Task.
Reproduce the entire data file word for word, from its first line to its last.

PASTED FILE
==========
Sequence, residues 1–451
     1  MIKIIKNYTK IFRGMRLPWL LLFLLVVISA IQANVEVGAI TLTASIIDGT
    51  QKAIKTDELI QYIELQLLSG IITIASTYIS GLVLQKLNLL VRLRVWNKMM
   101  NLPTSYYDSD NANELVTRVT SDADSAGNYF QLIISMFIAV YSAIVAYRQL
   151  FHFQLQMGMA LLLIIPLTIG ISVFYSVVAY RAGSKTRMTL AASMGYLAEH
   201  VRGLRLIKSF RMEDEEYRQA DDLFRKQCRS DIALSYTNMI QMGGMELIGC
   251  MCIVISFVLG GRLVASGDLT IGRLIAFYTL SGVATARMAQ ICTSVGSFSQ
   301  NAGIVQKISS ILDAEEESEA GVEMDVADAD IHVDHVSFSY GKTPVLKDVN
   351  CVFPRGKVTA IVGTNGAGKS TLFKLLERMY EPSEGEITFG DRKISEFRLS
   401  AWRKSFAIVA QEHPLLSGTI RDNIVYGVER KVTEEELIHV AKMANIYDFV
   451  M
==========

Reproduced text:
Sequence, residues 1–451
     1  MIKIIKNYTK IFRGMRLPWL LLFLLVVISA IQANVEVGAI TLTASIIDGT
    51  QKAIKTDELI QYIELQLLSG IITIASTYIS GLVLQKLNLL VRLRVWNKMM
   101  NLPTSYYDSD NANELVTRVT SDADSAGNYF QLIISMFIAV YSAIVAYRQL
   151  FHFQLQMGMA LLLIIPLTIG ISVFYSVVAY RAGSKTRMTL AASMGYLAEH
   201  VRGLRLIKSF RMEDEEYRQA DDLFRKQCRS DIALSYTNMI QMGGMELIGC
   251  MCIVISFVLG GRLVASGDLT IGRLIAFYTL SGVATARMAQ ICTSVGSFSQ
   301  NAGIVQKISS ILDAEEESEA GVEMDVADAD IHVDHVSFSY GKTPVLKDVN
   351  CVFPRGKVTA IVGTNGAGKS TLFKLLERMY EPSEGEITFG DRKISEFRLS
   401  AWRKSFAIVA QEHPLLSGTI RDNIVYGVER KVTEEELIHV AKMANIYDFV
   451  M